Siberian cats have been termed hypoallergenic. For me this is true. The definition of hypoallergenic is lower in allergens, not allergy free. Each and every one of the cats is different just like each and every one of the people. We have 5 breeding cats here at Kings Choice Siberians and one neutered plus kittens from time to time. I am very allergic (urticaria, asthma, allergy, etc.) complete with the allergist’s test to verify it. I can live with 2, no problem. For so many, I need a little medication. I bathe them every 2-4 weeks – Siberians can bathe, and many actually enjoy the water, it removes any small amount of Fel d1 and then I always indulge in burying my face in their clean, dry fur. In my house, I have no curtains, only blinds and throw rugs. I also don’t let my cats sleep in my personal room, to create a free zone. Finally, I assign the garbage task to others and have rolling litter boxes that self-clean in case I end up doing it. With all that, I’m doing fine. Temporarily, until the kittens are home, we have 10. I am currently sitting here writing this well, in the spring no less, not taking my eyes off as if I were in someone’s house with just one house cat. Every person and cat is different. I get a little itchy when a kitten’s claw pierces me, but they are very young and covered in mommy’s saliva. Just a touch of Benadryl cream and it’s gone.
Vacuum, bathe them, and invest in a real purebred Siberian, not a shelter cat. Honestly, it is highly doubtful that there are purebred Siberians in shelters. If you are willing to take medication from time to time and / or Benadryl cream for scratches (assuming you have a very high allergy like me), you will be fine. Clients with minor allergies tell me they don’t have any symptoms. Like I said, all cats and people are different. We breed only traditional Siberians. The difference between a traditional and “no” is that the others have a color point gene. They received this somewhere in their background when crossing into Siamese. Of these, I am scared because I do not wish to add any potential allergy levels to what is already an amazing breed. They have been named Nevas, Neva Masquerade, Color Point Siberians, CP or even Lynx, they are all the same. Some allergy sufferers also claim that Nevas do fine, but for me, it’s not worth the risk. You will recognize them immediately by their white coloration and their Siamese style markings. Traditional Siberians come in all brindle colors and many solid colors. Cinnamon, lilac and fawn are the only colors not allowed. The reason for this is that it again occurred through crosses. They are not natural traditional colors for Siberians.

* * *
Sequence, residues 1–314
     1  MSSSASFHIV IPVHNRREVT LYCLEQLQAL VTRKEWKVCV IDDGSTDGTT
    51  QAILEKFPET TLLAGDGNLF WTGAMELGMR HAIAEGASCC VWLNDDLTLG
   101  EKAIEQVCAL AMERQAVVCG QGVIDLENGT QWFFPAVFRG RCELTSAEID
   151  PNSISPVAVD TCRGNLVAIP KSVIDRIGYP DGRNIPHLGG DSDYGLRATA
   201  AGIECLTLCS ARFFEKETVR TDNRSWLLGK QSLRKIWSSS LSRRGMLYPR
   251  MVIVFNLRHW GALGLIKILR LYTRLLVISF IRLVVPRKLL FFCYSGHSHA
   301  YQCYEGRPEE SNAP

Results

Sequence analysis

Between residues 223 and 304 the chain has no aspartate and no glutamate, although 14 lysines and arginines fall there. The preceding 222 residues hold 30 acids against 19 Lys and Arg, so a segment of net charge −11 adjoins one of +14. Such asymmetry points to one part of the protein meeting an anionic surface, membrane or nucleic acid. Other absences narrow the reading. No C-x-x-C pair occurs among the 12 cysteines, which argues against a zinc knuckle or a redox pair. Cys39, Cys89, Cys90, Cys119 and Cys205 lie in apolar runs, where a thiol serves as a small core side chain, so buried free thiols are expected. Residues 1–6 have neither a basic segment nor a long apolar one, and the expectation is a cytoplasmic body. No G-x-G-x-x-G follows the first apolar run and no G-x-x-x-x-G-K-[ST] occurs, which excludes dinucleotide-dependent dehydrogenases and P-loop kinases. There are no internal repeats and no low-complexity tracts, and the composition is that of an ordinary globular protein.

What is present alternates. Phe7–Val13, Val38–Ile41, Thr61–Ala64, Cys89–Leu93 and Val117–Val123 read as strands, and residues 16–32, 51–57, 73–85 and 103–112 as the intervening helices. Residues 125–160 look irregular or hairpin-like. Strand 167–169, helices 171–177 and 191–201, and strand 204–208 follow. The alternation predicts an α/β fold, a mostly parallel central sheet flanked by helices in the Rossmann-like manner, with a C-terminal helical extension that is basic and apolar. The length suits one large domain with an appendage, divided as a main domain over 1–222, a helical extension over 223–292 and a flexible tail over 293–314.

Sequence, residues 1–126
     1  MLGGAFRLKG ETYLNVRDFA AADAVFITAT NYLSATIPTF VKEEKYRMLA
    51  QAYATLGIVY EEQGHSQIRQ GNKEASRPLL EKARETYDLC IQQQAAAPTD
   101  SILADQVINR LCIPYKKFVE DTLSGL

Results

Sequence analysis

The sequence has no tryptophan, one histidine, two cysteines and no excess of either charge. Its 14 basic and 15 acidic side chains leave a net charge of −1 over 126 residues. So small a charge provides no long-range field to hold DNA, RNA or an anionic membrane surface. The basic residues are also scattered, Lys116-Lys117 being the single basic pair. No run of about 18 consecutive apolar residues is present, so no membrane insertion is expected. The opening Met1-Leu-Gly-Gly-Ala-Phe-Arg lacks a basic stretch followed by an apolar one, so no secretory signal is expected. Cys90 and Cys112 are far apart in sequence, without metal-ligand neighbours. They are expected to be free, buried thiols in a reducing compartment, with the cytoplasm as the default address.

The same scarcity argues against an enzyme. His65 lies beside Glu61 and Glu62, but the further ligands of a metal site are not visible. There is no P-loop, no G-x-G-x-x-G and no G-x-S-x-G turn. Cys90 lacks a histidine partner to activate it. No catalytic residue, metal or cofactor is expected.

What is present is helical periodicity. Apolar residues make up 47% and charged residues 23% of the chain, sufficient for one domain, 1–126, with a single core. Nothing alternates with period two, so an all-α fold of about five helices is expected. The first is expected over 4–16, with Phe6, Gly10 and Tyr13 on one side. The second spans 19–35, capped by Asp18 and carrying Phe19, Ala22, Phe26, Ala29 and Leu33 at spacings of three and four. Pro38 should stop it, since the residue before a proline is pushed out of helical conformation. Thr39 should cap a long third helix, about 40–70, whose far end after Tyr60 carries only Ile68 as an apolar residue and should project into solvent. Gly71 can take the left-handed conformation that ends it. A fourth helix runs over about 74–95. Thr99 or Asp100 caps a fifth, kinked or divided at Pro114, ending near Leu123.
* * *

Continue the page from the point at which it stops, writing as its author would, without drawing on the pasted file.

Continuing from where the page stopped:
I have people asking me about Fel d1 tests. This is not a good way to choose your Siberian. The test facility will tell you that they have a 50% margin of error on perfect tests. That failure rate actually increases with any errors in the collection. This renders the test useless. It is also very expensive. Breeders offer these numbers more to please the public than for actual value. Fur tests are also useless as the breeder could have bathed the cat first. Bathing with the previous month cancels the test. Another cat may have licked the test cat by transferring saliva with Fel d1. So how is this reduced? Well, NOTHING is allergy free. They have recently discovered that people can be allergic to cold air. So to say allergy-free is a lie. However, like I said, hypoallergenic means lower in allergens. Yes, it is possible for a Siberian to be hypoallergenic. Even a severe allergic person like me can live happily with a cat. You must be willing to do the footwork to research the kennel of your choice, pay the fees required to raise such a miraculous animal, and take clean-up precautions so that you can live a long and happy life with a wonderful pet that often it lives. last 20 years. If you always wanted a cat, it is your greatest wish and you would be willing and responsible, I suggest you take a look at the breed. It may be just what you always wanted.